Attic Area Electrical

In last week’s article I discussed defective HVAC ductwork found in the attic area. Today I’m going to discuss electrical items I have found in the attic. Electrical items are probably the most common item found by every home inspector. Most electrical defects are potential FIRE HAZARDS and should be corrected before the close of escrow, if possible.

Remember in my home inspection business, I follow the Standards of Practice set by the California Real Estate Inspection Association. In these Standards, I’m required to inspect “circuit wiring” as long as it can be “reached, entered, or viewed without difficulty, moving obstructions, or requiring any action which may result in damage to the property or personal injury to the Inspector.” Usually a home inspector is not able to view the entire attic area because of the slope of the roof, insulation, ductwork and roof framing that may be blocking their view. However, most electrical defects are located in such a position where a person can physically reach and perform the installation. Before I enter the attic area, I check to see if any ceiling fans have installed. This alerts me to check that area of the attic carefully for electrical defects.

Here is one of the most common electrical defects home inspectors find in the attic. This picture is illustrating open wire splices. All wire splices must be installed in a covered junction box that will restrict oxygen around the wire splices and help to prevent a fire from starting.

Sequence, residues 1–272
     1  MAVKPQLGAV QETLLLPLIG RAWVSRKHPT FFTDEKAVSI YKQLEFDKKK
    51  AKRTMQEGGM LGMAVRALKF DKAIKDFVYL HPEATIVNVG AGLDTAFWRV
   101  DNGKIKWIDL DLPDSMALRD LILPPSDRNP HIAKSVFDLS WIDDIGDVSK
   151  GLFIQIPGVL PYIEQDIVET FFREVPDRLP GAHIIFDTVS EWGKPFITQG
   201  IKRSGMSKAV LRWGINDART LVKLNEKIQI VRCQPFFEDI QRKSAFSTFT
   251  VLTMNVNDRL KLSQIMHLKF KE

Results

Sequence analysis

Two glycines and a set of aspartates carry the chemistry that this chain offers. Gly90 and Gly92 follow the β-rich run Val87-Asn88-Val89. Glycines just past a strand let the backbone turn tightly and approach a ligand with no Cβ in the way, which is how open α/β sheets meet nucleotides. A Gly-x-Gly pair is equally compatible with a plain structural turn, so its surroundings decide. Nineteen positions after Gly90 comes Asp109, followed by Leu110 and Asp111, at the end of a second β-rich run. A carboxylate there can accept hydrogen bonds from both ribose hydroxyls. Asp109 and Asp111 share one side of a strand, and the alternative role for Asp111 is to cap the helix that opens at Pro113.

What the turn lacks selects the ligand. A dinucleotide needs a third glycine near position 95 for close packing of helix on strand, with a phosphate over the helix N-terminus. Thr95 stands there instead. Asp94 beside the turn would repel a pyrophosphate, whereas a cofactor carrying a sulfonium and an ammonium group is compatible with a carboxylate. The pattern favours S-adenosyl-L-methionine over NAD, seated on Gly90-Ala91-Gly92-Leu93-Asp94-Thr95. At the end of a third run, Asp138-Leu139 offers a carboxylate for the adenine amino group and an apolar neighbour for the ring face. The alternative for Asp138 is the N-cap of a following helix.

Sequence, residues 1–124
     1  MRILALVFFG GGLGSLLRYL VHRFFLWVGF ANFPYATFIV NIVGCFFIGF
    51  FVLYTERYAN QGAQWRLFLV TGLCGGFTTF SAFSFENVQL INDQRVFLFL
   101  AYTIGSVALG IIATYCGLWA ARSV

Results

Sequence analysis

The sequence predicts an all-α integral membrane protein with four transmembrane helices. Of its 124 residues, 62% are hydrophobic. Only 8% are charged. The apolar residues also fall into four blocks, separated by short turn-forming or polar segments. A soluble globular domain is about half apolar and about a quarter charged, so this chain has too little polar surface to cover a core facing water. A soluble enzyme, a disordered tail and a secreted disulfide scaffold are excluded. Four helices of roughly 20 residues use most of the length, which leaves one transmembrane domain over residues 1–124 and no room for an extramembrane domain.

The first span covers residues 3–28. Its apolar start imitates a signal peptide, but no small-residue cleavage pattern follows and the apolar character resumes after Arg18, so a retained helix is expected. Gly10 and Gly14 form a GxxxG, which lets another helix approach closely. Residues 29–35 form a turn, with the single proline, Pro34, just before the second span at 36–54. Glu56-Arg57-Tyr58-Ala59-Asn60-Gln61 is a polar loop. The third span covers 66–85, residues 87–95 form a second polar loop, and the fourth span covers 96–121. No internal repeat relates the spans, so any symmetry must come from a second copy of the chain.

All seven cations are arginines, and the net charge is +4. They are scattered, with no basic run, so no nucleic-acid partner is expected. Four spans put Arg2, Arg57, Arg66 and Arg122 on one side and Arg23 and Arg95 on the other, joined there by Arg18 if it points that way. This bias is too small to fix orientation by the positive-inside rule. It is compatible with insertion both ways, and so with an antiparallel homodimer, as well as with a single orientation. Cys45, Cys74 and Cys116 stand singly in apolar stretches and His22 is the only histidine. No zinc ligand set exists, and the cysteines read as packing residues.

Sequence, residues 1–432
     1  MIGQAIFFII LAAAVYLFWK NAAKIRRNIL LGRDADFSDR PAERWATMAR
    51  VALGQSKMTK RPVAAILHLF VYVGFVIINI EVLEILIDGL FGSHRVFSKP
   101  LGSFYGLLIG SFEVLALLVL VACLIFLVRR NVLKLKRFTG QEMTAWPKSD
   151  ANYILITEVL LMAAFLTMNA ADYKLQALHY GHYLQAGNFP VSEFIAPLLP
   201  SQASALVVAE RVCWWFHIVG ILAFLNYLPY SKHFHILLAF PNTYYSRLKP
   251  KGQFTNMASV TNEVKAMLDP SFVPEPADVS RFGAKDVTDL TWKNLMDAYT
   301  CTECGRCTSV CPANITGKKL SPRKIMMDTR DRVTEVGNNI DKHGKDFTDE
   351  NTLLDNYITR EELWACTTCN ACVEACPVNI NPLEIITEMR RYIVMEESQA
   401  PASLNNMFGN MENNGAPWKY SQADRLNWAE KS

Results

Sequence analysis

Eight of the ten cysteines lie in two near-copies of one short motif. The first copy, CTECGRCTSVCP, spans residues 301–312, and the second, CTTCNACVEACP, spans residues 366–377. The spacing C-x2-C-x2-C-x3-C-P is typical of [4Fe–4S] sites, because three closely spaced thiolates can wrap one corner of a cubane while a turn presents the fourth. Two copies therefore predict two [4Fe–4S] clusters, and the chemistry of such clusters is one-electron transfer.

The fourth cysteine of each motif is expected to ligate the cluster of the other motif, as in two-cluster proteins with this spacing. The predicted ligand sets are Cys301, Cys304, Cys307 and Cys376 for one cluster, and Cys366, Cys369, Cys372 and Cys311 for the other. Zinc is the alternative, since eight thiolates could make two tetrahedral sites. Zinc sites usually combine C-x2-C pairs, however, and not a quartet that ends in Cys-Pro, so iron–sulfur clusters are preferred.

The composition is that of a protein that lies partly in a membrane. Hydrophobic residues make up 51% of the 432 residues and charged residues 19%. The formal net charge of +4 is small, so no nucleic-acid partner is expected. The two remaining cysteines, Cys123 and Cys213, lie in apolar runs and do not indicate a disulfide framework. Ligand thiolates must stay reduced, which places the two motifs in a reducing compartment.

Although the owner or contractor installed the junction box, it’s so over filled, a cover can’t be installed. Another junction box should be installed so that both boxes could be covered.

Believe it or not there is an uncovered juction box under all the insulation. This is a fire just waiting to happen! When the twisted together wires get loose and get hot, a fire will start sooner or later. This is a simple fix for an electrician to repair by cleaning out the loose insulation and installing a box cover.

Here is a picture of the wire not attached to the junction box with an approved wire clamp. The missing clamp costs about 50 cents and stops the wire from pulling out of the junction box.

The orange wire, which happens to be an extension cord, is not an approved source of wiring. Extension cords are for temporary use only. This should be replaced with the proper wire and attached to the structure.

Here the owner installed a ceiling fan in the bedroom. The wire to the fan was installed into the receptacle used by another appliance. This wire can get loose and start arcing leading to a fire.

If you see any of these items on your inspection report you should ask for them to be repaired by a qualified electrical contractor before the close of escrow or have them repaired as soon as you move into your new home.